Trump Claims He Had A ‘Nasty Business Relationship’ With Mueller

“Is Robert Mueller ever going to release his conflicts of interest with respect to President Trump, including the fact that we had a very nasty & contentious business relationship…”


President Donald Trump went on a typical, lengthy Twitter rant against the Russian investigation — again.


However, this time he directly targeted Special Counsel Robert Mueller, who is heading the investigation, and accused him of “conflict of interest” which, according to Trump, rendered the Russian probe illegal.

The accusations by the president came a week after his former attorney, Michael Cohen, released an audio recording of Trump and him discussing hush money payment to former Playboy model Karen McDougal, who allegedly had an affair with the POTUS. Cohen also claimed Trump already knew of the infamous Trump Tower meeting that was set up with Russians to get dirt on then-candidate Hillary Clinton.

In his tweet-storm, Trump repeated many of his previous allegations in which he accused Mueller of hiring Democrats on his team and falsely claimed the Russian investigation stemmed from the dossier compiled by former British intelligence agent Christopher Steele.

The tweets from Trump elaborated on Mueller’s alleged conflict of interest based on “a very nasty & contentious business relationship” between the pair.




However, Trump’s claims of “conflict of interests” are largely unsubstantiated.

Although, Mueller did serve as FBI director under the Obama administration but his appointment was made by President George W. Bush in 2001 and was merely extended under Former President Barack Obama.

As for the claims of hiring Democrats for the investigation, Mueller is a registered Republican and so are Deputy Attorney General Rod Rosenstein and Attorney General Jeff Sessions.

The Justice Department determined the appointment of Mueller as the Special Counsel fell in line with ethics rules after he was appointed by Rosenstein, a Trump appointee.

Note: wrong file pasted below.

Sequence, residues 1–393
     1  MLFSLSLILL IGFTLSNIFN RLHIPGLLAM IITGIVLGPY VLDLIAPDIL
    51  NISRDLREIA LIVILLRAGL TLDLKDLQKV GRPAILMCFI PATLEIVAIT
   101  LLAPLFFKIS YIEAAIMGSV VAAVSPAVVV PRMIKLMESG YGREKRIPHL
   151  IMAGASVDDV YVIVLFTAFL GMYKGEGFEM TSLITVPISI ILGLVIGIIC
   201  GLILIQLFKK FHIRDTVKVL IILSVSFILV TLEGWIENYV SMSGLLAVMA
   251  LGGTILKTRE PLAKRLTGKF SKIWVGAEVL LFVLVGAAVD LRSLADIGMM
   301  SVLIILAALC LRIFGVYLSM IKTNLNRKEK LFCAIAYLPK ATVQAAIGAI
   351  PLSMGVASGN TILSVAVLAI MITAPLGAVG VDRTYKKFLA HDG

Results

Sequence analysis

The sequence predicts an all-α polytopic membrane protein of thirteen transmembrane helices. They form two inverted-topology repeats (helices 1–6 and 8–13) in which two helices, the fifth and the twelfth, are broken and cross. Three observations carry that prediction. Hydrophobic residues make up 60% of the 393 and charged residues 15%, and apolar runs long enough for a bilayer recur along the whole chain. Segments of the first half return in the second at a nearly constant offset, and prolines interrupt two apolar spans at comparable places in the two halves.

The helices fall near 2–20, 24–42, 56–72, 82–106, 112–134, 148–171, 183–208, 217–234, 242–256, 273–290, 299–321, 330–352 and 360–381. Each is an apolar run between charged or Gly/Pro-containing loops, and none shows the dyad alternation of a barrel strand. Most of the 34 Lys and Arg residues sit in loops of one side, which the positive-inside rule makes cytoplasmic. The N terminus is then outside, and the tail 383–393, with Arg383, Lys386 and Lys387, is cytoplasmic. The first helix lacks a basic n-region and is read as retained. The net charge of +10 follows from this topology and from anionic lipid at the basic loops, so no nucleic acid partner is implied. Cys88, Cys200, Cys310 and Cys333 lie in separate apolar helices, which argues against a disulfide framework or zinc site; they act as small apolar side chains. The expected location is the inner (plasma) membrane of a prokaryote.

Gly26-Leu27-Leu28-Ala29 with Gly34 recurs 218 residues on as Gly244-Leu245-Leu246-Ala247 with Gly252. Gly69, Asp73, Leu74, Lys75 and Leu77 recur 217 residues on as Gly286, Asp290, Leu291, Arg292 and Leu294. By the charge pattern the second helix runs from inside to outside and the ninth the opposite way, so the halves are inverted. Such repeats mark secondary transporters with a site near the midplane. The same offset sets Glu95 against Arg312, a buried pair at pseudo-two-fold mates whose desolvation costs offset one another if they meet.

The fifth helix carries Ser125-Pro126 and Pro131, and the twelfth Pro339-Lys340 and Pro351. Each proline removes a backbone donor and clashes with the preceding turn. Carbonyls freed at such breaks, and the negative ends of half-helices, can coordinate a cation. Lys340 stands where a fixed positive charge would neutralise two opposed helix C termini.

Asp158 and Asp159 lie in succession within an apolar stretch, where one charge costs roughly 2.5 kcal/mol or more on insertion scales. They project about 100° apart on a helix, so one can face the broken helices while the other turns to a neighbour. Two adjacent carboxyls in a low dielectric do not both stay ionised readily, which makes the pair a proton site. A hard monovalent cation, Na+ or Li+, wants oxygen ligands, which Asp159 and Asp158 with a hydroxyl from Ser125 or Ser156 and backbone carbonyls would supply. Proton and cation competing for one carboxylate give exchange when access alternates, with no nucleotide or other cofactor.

A New York Times report, in January, alleged Trump tried to fire Mueller in June 2017 but backed out of the decision. The conflicts of interest cited by the president in the report were: a dispute over fees at Trump National Golf Club, which the spokesman for Mueller denied; work for a law firm that once represented the president's son-in-law Jared Kushner; and an interview for FBI director a day, where Trump claims he rejected Mueller to lead the agency, before being named Special Counsel — the interview was for the potential replacement of fired FBI director James Comey.

As for the origin of the Russian investigation, Trump is apparently misinformed.

The POTUS claims the investigation began based on the “Steele dossier,” however, in reality the Russian probe commenced in July 2016, according to the New York Times, when FBI received a tip regarding Trump campaign adviser George Papadopoulos, who informed Australian officials of dirt on Clinton collected via Russian sources. A report by the Republican-controlled House intelligence committee also corroborated the claims.

Papadopoulos also pleaded guilty of lying to the FBI and is co-operating with the Russian investigation, along with several other Trump campaign members.

This is not the first time Trump has accused Mueller of having “conflicts of interest” but this is the first time he has publicly gone into detail about what those might be — without much proof.


Mueller has recently indicted 12 Russian officials for hacking the DNC email servers.

It was also reported the Special Counsel would be combing through Trump’s tweets for obstruction of justice ­– which probably should be a sign for Trump to lay off his mobile phone for now.

Thumbnail/ Banner Credits: REUTERS/Jonathan Ernst/ Joshua Roberts

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